Clinical Microbiology Division
Clinical Microbiology Division is involved in various institutional drug discovery programmes with prime focus on Mycobacterium tuberculosis, Leishmania donovani, Gram negative and Gram-positive bacteria. Identification of novel drug like molecules followed by hit to lead optimization is the area of research of our division. The focus of the division is to work on understanding the molecular biology and pathogenesis of M. tuberculosis and L. donovani and use this knowledge in the field of drug discovery.
- Identification of novel chemical scaffolds and drug targets for anti-bacterial, anti-protozoan and anti-tuberculosis activity.
- Identifying host-chemical-modulators that could be exploited for the development of anti-TB drugs by targeting host-pathogenic interactions.
- Explore various aspects of parasitic diseases including mechanism of drug resistance, host-parasite interactions, mechanism of pathogenesis, validation of new drug targets, identification of new chemical entities and proteins as drug and vaccine candidates respectively against L. donovani.
- Establishing new drug discovery platforms for high throughput screen for finding new and potent drugs against the resistant strains of bacterial pathogens.
- Screening of chemical libraries for identification of novel chemical scaffold as anti-infective agent.
- Identification and characterization of novel drug target for drug discovery.
- Cloning, expression and purification of microbial genes.
- Differential expression of microbial genes through q-PCR
Biosafety Level-3 facility
Clinical Microbiology Division encompasses a State-of-the-art Biosafety Level-3 (BSL-3) facility for handling and experimentation with hazard group III pathogens. The facility fully complies with the Biosafety in Microbiological and Biomedical Laboratories (BMBL) guidelines. This facility consists of two in-vitro experimentation labs and one animal handling (mice & guinea pigs) for in-vivo experimentations.
The facility is fully equipped with Biosafety cabinets, incubators, centrifuges, deep freezers, CO2 incubators and has two double door autoclaves for handlings of the hazardous waste generated while working on pathogens.
The facility is well equipped with PCR machines, Real-Time PCR, Electrophoresis systems, Gel Documentation systems, Gene pulsar and other such lab equipment for molecular biology work. PCR amplification, gene cloning, native enzyme purification and differential gene expression are some of the experimentations routinely performed in this facility.
Anti-infective research facility
We are actively working on plant based and synthetic pharmacophores with anti-infective activity against M. tuberculosis, L. donovani, gram negative and gram-positive bacteria. A large collection of bacterial, fungal, protozoan and M. tuberculosis clinical isolates is available for extensive evaluation of compounds.
Testing of 2019 novel coronavirus (2019-nCoV) in human clinical samples
|Mehra Rukmankesh, Rashmi Sharma, Khan A. Inshad, and Nargotra Amit
|Identification and optimization of Escherichia coli GlmU inhibitors: an in silico approach with validation thereof.||European journal of medicinal chemistry, 92, 78-90 (2015)|
|Rani Chitra, Mehra Rukmankesh, Rashmi Sharma, Chib Reena, Wazir Priya, Nargotra Amit, and Khan A. Inshad||High-throughput screen identifies small molecule inhibitors targeting acetyltransferase activity of Mycobacterium tuberculosis GlmU.||Tuberculosis, 95, 664-677 (2015)|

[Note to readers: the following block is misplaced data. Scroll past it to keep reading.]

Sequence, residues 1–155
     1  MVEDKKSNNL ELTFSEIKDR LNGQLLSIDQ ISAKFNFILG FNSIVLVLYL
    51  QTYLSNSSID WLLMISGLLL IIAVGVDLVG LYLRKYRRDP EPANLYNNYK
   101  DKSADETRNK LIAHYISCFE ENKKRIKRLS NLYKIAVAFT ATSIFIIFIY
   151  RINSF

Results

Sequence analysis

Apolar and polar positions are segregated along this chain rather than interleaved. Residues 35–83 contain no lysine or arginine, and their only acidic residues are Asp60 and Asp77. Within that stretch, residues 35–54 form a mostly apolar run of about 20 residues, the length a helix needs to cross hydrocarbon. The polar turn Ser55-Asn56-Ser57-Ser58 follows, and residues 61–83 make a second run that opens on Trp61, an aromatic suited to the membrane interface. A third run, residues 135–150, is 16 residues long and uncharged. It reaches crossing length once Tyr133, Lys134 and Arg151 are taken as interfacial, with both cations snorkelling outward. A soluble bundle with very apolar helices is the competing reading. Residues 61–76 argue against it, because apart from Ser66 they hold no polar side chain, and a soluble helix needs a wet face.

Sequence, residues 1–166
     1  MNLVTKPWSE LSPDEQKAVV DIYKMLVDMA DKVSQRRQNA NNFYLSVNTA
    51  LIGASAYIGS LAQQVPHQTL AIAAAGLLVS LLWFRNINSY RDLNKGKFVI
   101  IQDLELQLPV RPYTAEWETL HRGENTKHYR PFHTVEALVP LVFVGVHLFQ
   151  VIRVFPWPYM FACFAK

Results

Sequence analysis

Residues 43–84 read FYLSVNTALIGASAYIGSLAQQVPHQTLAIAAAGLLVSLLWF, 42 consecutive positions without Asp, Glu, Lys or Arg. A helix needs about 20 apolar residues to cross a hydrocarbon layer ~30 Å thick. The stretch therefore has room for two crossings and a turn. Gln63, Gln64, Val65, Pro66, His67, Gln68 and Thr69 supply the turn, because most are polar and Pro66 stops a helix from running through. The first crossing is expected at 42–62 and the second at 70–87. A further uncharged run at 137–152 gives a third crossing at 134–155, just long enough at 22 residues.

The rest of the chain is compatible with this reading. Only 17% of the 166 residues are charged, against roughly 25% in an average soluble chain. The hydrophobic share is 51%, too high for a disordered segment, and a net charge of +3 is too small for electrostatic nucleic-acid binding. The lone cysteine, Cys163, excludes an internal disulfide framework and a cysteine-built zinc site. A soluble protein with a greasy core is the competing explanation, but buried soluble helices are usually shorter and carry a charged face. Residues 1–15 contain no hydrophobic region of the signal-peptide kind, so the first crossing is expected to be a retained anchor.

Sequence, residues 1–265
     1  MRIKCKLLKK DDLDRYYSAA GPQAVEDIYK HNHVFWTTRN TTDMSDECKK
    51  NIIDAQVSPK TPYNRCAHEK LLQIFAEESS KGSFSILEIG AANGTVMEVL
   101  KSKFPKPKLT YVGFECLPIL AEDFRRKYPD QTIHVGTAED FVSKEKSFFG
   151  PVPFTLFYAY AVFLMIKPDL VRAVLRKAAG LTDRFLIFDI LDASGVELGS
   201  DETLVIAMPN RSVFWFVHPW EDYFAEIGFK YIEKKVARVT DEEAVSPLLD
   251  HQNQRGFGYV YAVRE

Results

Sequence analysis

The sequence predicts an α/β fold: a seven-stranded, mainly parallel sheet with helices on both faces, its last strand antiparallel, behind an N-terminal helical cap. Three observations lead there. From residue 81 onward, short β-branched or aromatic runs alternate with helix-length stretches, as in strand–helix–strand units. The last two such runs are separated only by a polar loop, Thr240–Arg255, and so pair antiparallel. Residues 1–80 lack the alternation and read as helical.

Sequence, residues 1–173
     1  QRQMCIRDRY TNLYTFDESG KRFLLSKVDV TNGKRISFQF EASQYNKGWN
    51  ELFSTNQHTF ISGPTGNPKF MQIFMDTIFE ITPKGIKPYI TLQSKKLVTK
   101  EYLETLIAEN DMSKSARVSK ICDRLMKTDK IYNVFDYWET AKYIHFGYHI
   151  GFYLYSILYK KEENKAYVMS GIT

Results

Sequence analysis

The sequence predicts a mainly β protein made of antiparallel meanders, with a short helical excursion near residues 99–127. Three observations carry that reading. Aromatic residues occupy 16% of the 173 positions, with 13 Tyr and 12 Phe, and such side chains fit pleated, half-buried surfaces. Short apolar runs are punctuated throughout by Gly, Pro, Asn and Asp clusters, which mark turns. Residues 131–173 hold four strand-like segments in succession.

|Kuljit Singh, Krishn Pratap Singh, Asif Equbal, Shashi S. Suman, Amir Zaidi, Gaurav Garg, Krishna Pandey, Pradeep Das and Vahab Ali||Interaction between cysteine synthase and serine O-acetyltransferase proteins and their stage specific expression in Leishmania donovani||Biochimie, 131, 29-44 (2016)|
|Kuljit Singh, Gaurav Garg and Vahab Ali||Current therapeutics, their problems and thiol metabolism as potential drug targets in leishmaniasis||Current Drug Metabolism, 17, 897-919 (2016)|
|Rashmi Sharma, Rani Chitra, Mehra Rukmankesh, Nargotra Amit, Chib Reena, Rajput S. Vikrant, Kumar Sunil, Singh Samsher, Sharma R. Parduman, and Khan A. Inshad||Identification and characterization of novel small molecule inhibitors of the acetyltransferase activity of Escherichia coli N-acetylglucosamine-1-phosphate-uridyltransferase/glucosamine-1-phosphate-acetyltransferase (GlmU)||Applied microbiology and biotechnology, 100, 3071-3085 (2016)
|Rashmi Sharma, Lambu Rao Mallikharjuna, Jamwal Urmila, Rani Chitra, Chib Reena, Wazir Priya, Mukherjee Debaraj, Chaubey Asha, Khan A. Inshad||Escherichia coli N-acetylglucosamine-1-phosphate-uridyltransferase/glucosamine-1-phosphate-acetyltransferase (GlmU) inhibitory activity of terreic acid isolated from Aspergillus terreus.||Journal of biomolecular screening, 21, 342-353, (2016)
|Rashmi Sharma and Khan A. Inshad||Mechanism and Potential Inhibitors of GlmU: A Novel Target for Antimicrobial Drug Discovery.||Current Drug Targets (2016)|
|Kuljit Singh, Vahab Ali, Krishn Pratap Singh, Parool Gupta, Shashi S. Suman, Ayan K. Ghosh, Sanjiva Bimal, Krishna Pandey and Pradeep Das||Deciphering the interplay between cysteine synthase and thiol cascade proteins in modulating Amphotericin B resistance and survival of Leishmania donovani under oxidative stress||Redox Biology, 12, 350-366 (2017).|
|Gaurav Garg, Kuljit Singh and Vahab Ali||Proteomic approaches unravel the intricacy of secreted proteins of Leishmania: An updated review||BBA-Proteins and Proteomics, 1866, 913-923 (2018).|
|Gaurav Garg, Vahab Ali, Kuljit Singh, Parool Gupta, Ashish Ganguly, Amogh Sahasrabuddhe, and Pradeep Das||Quantitative secretome analysis unravels new secreted proteins in Amphotericin B resistant Leishmania donovani||Journal of Proteomics, 207, 103464 (2019).|